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Sculpture showing the birth of a caboclo

A caboclo (Portuguese pronunciation: [kɐˈboklu]) is a person of mixed Indigenous Brazilian and European ancestry, or, less commonly, a culturally assimilated or detribalized person of full Amerindian descent. In Brazil, a caboclo generally refers to this specific type of mestiço.

The term, also pronounced "caboco", is from Brazilian Portuguese, and perhaps ultimately from the Tupi kaa'boc. It means a "person having copper-coloured skin"[1] A person of mixed Indigenous Brazilian and sub-Saharan black ancestry is known as a "cafuzo."

In the 1872 and 1890 censuses, 3.90% and 9.04% of the population self-identified as caboclos, respectively. Since then, caboclos are counted as pardos, along with mulattoes (mixed Black-White) and cafuzos (mixed Amerindian-Black).[2]

A survey performed in Rio de Janeiro showed that 14% of Whites and 6% of Pardos reported a mixed Amerindian and White ancestry.[3]

According to the Mexican researcher Lizcano, based on a non-genetic based estimation, caboclos (mestizos) would be 12% of Brazilian population.[4]


The term caboclo (which in the Amazon Basin and in Candomblé is usually pronounced without the l, as caboco) is said to come from the Tupi word kari'boka,[citation needed] meaning "deriving from the white". Its primary meaning is mestizo, "a person of part Amerindian and part European descent." But it may also be used to refer to any Indigenous Brazilian who is assimilated.[5] The term Indian should not be confused with people originating from India in South Asia.

The king of Portugal, D. Joseph I, encouraged marriages between European colonists and Indians in the 18th century; this enabled the European men to settle into families, and resulted in the birth of the first caboclo children. Similarly, in the 19th century during the time of rubber soldiers, the government kidnapped young, primarily white and mestiço Brazilian men from Northeastern Brazil and transported them into the Amazonian interior to harvest rubber. The men were never granted permission to leave, and married local native women, fathering more generations of mestiços.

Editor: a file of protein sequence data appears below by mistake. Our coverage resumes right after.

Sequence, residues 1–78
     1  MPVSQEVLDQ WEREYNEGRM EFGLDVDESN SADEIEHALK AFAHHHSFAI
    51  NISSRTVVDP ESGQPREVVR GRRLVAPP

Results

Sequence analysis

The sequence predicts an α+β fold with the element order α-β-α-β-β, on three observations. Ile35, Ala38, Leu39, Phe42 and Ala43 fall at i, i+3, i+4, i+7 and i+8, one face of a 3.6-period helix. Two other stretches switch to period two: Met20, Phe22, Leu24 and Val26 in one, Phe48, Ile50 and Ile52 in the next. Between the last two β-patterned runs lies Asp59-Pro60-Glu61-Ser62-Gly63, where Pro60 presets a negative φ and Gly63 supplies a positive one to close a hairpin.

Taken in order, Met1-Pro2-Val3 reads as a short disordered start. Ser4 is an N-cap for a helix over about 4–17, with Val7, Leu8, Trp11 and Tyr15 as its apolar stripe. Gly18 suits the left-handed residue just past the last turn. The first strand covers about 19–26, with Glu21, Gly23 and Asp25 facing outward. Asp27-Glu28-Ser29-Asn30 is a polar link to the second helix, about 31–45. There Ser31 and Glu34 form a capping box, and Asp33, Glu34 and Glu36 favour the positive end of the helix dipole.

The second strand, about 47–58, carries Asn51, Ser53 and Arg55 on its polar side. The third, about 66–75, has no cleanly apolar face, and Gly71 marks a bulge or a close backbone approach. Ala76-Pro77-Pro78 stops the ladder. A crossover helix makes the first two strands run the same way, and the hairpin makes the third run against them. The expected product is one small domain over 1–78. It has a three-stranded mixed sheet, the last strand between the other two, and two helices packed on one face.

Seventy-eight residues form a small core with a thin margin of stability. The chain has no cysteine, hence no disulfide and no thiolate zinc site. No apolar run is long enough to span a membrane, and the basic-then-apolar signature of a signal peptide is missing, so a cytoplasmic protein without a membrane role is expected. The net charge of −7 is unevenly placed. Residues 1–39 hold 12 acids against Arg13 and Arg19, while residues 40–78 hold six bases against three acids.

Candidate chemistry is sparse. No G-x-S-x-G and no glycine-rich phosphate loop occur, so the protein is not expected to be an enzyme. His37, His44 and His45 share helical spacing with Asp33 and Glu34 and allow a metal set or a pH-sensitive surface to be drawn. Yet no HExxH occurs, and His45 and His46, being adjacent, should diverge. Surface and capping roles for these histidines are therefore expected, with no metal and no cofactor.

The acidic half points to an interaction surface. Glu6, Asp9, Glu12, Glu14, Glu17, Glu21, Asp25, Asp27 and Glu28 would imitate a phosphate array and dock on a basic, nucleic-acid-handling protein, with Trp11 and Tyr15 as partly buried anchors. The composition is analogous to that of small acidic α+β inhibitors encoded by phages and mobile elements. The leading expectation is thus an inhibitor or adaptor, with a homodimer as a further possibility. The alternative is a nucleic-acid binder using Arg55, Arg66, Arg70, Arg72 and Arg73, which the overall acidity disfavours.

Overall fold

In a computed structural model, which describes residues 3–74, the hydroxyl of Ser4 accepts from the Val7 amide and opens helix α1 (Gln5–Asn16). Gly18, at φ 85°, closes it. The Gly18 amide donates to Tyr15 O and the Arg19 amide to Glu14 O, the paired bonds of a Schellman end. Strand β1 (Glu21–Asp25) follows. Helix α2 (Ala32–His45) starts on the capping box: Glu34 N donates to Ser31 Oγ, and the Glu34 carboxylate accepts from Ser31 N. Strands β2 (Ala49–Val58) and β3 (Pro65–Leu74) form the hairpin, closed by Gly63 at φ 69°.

The caboclo populations in the Amazon region of Brazil are noted as voracious eaters of the açaí palm fruit, which is basic to the traditional diet of the natives. In one study, açaí palm was described as the most important plant species because the fruit makes up such a major component of diet (up to 42% of the total food intake by weight) and is economically valuable in the region (Murrieta et al., 1999).

The term caboco is also used as an alternate term for the Orishas of the Candomblé religion. The caboclo is also an Orisha.

Days celebrating racial groups in Brazil[edit]

See also[edit]



  1. ^ "Caboclo". WordReference. Retrieved 13 October 2012.
  2. ^ Araújo, Tereza Cristina N. "A classificação de "cor" nas pesquisas do IBGE". p. 14.
  3. ^ Edward Eric Telles (2004). "Racial Classification". Race in Another America: the significance of skin color in Brazil. Princeton University Press. pp. 81–84. ISBN 0-691-11866-3.
  4. ^ Lizcano, Francisco. "Composición Étnica de las Tres Áreas Culturales del Continente Americano al Comienzo del Siglo XXI" (PDF). Centro de Investigación en Ciencias Sociales y Humanidades, UAEM. p. 225.
  5. ^ Wafer, James William. The Taste of Blood: Spirit Possession in Brazilian Candomblé. Philadelphia: University of Pennsylvania Press, 1991, p. 55.


  • Adams, C., Murrieta, R., & Neves, W. A. (2006). Sociedades caboclas amazônicas: modernidade e invisibilidade (1a ed.). Sâo Paulo: Annablume. ISBN 85-7419-644-4 and ISBN 978-85-7419-644-2
  • Nugent, S. (1993). Amazonian Caboclo Society: An Essay on Invisibility and Peasant Economy. Providence, RI: Berg. ISBN 0-85496-756-7

Journal articles[edit]

  • Murrieta, R. S. S., Dufour, D. L., & Siqueira, A. D. (1999). "Food consumption and subsistence in three Caboclo populations on Marajo Island, Amazonia, Brazil," Human Ecology, 27(3), 455–475.

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